Alex DesRosiers defends his Ph.D.

Colorado State University


Alex DesRosiers defends his Ph.D.

(2024-04-30) -- written by webmaster

Congratulations to Alex DesRosiers who successfully defended his Ph.D. entitled, “From Surface to Tropopause: On the Vertical Structure of the Tropical Cyclone Vortex” on April 30th!!

Alex will continue his research at the US Naval Research Lab in Monterey, CA with a Fellowship from the National Research Council. His initial focus will be on the vertical structure of vortices and the mechanisms that drive changes of intensity.



The internal vortex structure of a tropical cyclone (TC) influences intensity change. Beneficial structural characteristics that allow TCs to capitalize on favorable environmental conditions are an important determinant as to whether a TC will undergo rapid intensification (RI) or not. Accurately forecasting RI is a significant challenge and past work identified characteristics of radial and azimuthal structure of the tangential winds which favor RI, but vertical structure has received less attention. This dissertation aims to define vertical structure in a consistent manner to improve our understanding of how it influences intensity change in observed and modeled TCs, as well as discern when strong winds are more likely to reach the surface with potential for greater impacts.

Part 1 investigates the height of the vortex (HOV) in observed TCs and its potential relationships with intensity and intensification rate. As a TC intensifies, the tangential wind field expands vertically and increases in magnitude. Past work supports the notion that vortex height is important throughout the TC lifecycle. The Tropical Cyclone Radar Archive of Doppler Analyses with Recentering (TC-RADAR) dataset provides kinematic analyses for calculation of HOV in observed TCs. Analyses are azimuthally-averaged with tangential wind values taken along the radius of maximum winds (RMW). A threshold-based technique is used to determine the HOV. A fixed-threshold HOV strongly correlates with current TC intensity. A dynamic HOV (DHOV) metric quantifies vertical decay of the tangential wind normalized to its maximum at lower levels with reduced intensity dependence. DHOV exhibits a statistically significant relationship with TC intensity change with taller vortices favoring intensification. A tall vortex is always present in observed cases meeting a pressure-based RI definition in the following 24-hr period, suggesting DHOV may be useful to intensity prediction.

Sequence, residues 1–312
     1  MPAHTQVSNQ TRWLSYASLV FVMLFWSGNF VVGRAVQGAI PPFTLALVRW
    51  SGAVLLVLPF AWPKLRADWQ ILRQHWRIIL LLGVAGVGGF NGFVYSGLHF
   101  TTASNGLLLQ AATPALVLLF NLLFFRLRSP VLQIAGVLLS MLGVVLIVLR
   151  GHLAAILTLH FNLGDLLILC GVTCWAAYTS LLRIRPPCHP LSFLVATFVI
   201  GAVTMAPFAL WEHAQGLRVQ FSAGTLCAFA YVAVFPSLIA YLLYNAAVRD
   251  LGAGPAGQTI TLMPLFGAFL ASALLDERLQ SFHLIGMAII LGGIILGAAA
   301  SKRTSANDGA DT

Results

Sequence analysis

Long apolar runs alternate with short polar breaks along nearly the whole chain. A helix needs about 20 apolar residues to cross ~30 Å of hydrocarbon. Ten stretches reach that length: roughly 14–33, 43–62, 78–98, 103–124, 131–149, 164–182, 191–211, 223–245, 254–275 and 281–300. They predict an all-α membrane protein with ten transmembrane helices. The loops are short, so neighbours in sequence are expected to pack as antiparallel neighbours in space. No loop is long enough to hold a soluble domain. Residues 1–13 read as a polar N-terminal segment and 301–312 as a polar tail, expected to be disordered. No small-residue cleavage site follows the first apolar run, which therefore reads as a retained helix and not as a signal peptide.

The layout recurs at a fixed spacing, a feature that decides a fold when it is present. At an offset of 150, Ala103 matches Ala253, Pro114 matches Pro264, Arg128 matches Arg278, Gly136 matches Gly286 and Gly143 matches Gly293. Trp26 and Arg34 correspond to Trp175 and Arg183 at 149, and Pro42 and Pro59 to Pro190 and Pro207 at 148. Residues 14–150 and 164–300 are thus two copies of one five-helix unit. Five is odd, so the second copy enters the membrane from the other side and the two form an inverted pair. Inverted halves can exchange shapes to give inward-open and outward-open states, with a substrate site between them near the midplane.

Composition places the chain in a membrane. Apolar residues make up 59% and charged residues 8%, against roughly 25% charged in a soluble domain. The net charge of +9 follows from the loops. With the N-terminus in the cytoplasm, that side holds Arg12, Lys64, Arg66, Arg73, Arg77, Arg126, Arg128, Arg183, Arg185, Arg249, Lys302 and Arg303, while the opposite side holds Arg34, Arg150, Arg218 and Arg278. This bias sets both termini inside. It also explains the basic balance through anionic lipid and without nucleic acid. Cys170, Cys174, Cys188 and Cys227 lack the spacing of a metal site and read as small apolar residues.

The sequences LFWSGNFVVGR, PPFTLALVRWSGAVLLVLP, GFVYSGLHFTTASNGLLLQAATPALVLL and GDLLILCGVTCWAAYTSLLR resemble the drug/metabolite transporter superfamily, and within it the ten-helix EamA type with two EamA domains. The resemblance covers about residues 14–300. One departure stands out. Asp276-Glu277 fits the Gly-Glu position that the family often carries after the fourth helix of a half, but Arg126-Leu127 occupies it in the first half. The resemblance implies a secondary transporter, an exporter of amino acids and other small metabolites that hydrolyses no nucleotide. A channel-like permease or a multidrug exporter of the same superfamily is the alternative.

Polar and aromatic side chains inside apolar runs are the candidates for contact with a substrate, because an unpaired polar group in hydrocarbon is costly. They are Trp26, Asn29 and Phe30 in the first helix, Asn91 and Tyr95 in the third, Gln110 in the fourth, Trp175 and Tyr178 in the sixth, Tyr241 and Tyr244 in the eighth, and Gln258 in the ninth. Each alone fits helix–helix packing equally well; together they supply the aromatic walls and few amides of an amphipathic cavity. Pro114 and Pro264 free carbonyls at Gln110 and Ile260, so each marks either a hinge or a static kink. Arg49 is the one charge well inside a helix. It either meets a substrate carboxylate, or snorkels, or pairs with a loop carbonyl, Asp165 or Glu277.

In Part 2, numerical modeling simulations are utilized to discern mechanisms responsible for the observed relationships in Part 1. Vertical wind shear (VWS) can tilt the TC vortex by misaligning the low- and mid-level circulation centers which prevents intensification until realignment occurs. Both observed and simulated TCs with small vortex tilt magnitudes possess DHOV values consistent with those observed prior to RI. In aligned TC intensification, DHOV and intensity have a mutually increasing relationship, indicating the metric provides useful information about vertical structure in both tilted and aligned TCs. Vertical vortex growth during RI is sensitive to internal processes which strengthen the TC warm core in the upper-levels of the troposphere. Comparison of a TC simulated in the presence of a concentrated upper-level jet of VWS to a control simulation in quiescent flow indicates that disruption of intensification in the upper levels limits vortex height and intensity without appreciable low- to mid-level tilt.

Part 3 focuses on decay of the TC wind field as it encounters friction near the surface in the planetary boundary layer (PBL). Surface winds are important to operational TC intensity estimation, but direct observations within the PBL are rare. Forecasters use reduction factors formulated with wind ratios (WRs) from winds observed by aircraft in the free troposphere and surface winds. WRs help reduce stronger winds aloft to their expected weaker values at the surface. Asymmetries in the TC wind field such as those induced by storm motion can limit the accuracy of static existing WR values employed in operations. A large training dataset of horizontally co-located wind measurements at flight level and the surface is constructed to train a neural network (NN) to predict WRs. A custom loss function ensures the model prioritizes accurate prediction of the strongest wind observations which are uncommon. The NN can leverage relevant physical relationships from the observational data and predict a surface wind field in real-time for forecasters with greater accuracy than the current operational method, especially in high winds.